The flag has long been a symbol of Texas’ pride and has commonly been adopted by groups sending a message of defiance or protesting government overreach, such as Second Amendment supporters and abortion rights advocates.
Opponents of the tradition at UTSA raised concerns that versions of the motto were superimposed onto Confederate flags and flown at the Jan. 6 insurrection, and had been co-opted by groups that expressed anti-Mexican and anti-immigrant sentiments.
Nearly 60% of the almost 35,000 UTSA student body is Hispanic, and the school is designated a Hispanic-Serving Institution by the federal government. The university has also emphasized its desire to be a “Hispanic thriving institution.”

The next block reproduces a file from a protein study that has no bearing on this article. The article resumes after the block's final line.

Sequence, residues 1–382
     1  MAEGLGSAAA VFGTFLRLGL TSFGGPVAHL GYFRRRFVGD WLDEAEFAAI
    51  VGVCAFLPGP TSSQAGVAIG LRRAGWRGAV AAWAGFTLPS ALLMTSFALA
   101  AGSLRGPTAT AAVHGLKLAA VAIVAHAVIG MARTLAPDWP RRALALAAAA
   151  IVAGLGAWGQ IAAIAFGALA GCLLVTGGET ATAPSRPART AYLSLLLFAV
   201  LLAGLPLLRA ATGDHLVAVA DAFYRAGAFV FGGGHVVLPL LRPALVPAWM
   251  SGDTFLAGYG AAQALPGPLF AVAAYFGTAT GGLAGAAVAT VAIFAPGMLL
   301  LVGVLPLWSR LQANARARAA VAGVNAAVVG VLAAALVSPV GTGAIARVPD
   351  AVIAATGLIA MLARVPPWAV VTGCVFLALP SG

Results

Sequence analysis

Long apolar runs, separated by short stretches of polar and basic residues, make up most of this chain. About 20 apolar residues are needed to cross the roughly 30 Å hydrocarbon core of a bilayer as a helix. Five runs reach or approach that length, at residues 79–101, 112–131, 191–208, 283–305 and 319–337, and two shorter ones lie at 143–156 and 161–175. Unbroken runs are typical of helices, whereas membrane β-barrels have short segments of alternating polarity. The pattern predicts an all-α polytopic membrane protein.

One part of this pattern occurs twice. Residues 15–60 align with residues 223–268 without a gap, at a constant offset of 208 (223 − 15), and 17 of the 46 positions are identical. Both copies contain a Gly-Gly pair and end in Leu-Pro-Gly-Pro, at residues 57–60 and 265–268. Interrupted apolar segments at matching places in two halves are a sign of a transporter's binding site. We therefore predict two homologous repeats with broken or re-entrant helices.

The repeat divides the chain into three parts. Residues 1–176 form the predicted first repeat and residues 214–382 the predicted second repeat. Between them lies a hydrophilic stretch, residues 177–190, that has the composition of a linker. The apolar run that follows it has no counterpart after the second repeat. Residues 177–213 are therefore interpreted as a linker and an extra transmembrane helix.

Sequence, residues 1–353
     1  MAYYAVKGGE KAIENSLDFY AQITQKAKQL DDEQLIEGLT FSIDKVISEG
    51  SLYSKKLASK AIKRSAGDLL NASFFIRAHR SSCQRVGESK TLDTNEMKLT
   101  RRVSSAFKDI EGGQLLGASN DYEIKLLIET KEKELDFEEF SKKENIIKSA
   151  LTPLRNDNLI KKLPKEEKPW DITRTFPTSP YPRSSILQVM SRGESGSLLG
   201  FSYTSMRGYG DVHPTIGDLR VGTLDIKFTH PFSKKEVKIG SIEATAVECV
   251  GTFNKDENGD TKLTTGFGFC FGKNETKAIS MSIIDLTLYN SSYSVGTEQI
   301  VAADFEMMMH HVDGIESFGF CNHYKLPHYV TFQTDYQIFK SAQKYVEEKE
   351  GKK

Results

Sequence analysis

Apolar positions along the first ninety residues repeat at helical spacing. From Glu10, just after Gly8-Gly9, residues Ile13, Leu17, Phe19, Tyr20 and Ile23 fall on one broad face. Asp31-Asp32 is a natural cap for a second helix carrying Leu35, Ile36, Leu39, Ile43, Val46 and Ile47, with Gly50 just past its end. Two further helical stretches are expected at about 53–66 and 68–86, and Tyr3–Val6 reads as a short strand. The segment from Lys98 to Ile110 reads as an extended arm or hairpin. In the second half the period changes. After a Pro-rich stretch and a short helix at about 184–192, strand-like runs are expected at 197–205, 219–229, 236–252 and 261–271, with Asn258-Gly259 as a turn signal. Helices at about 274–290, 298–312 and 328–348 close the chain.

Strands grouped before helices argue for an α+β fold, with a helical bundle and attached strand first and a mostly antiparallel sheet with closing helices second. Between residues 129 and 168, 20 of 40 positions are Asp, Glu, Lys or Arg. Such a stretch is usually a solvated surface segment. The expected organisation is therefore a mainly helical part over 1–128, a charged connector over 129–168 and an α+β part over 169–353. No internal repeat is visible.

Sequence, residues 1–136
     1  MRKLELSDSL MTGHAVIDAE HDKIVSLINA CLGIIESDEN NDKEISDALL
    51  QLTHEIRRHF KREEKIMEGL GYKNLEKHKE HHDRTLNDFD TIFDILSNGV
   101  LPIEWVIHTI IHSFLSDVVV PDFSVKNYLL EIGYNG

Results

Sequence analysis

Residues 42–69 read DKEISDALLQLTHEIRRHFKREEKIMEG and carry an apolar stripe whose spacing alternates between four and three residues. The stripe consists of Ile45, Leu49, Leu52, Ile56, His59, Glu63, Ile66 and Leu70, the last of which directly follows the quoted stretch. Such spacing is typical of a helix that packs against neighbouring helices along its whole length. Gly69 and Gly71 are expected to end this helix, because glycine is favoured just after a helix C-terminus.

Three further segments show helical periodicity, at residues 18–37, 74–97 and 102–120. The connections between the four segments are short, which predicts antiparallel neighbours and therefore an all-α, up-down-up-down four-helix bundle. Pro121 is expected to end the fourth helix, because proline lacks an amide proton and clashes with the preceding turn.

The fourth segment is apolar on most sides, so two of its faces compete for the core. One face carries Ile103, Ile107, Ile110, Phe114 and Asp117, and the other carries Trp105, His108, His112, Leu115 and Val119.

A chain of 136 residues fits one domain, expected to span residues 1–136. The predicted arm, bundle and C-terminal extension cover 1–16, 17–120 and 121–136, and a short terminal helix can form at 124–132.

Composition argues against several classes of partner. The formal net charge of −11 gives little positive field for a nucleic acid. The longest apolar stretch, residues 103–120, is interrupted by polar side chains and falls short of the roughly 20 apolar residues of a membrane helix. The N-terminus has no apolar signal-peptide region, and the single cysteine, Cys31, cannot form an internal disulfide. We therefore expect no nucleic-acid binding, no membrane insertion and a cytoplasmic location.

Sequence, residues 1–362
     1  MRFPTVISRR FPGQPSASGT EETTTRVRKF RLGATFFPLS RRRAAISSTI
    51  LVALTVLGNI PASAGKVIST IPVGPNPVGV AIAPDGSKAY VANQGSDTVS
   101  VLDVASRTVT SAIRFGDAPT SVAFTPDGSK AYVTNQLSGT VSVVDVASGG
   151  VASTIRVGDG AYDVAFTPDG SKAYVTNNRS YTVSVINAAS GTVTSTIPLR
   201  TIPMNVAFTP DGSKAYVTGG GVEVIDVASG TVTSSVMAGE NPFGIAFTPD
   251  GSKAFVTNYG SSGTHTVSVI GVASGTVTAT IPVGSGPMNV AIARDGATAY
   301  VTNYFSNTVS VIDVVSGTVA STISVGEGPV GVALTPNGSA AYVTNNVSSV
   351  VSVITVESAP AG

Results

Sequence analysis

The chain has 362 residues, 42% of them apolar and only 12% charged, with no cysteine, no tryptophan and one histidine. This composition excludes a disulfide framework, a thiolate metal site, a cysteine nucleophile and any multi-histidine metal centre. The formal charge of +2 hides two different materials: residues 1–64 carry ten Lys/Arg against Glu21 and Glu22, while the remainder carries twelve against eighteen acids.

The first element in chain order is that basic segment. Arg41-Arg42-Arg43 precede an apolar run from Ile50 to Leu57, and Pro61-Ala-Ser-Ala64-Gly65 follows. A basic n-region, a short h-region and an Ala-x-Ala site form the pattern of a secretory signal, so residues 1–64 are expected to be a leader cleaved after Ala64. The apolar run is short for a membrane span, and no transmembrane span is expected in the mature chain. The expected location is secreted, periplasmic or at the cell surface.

Some historians said that while this particular moment in history sparked a feeling of rebellion toward the Mexican government, it also resulted in anti-Mexican sentiment that carried into the Texas Republic. The eventual creation of the Texas Republic also led to the re-legalization of slavery in that territory.
“Tejanos lost land, lost political offices, lost economic power,” UTSA history professor Omar Valerio-Jimenez said of this period in history. “It’s not a time when Tejanos did well.”
Eighmy declined a request for an interview, but he said in a statement to the Texas Tribune Monday that he appreciated the board’s perspective.
“We look forward to continuing our work together to advance education, research and service for the public good,” Eighmy said.
UTSA administrators started getting pushback to the tradition in August when the school unveiled a new, $40 million sports facility, called the Roadrunner Athletics Center of Excellence or RACE, and decorated it with the flag and slogan.
A former UTSA professor started a petition, which garnered around 960 signatures, arguing UTSA should remove the phrase because it is “anti-Mexican and pro slavery.”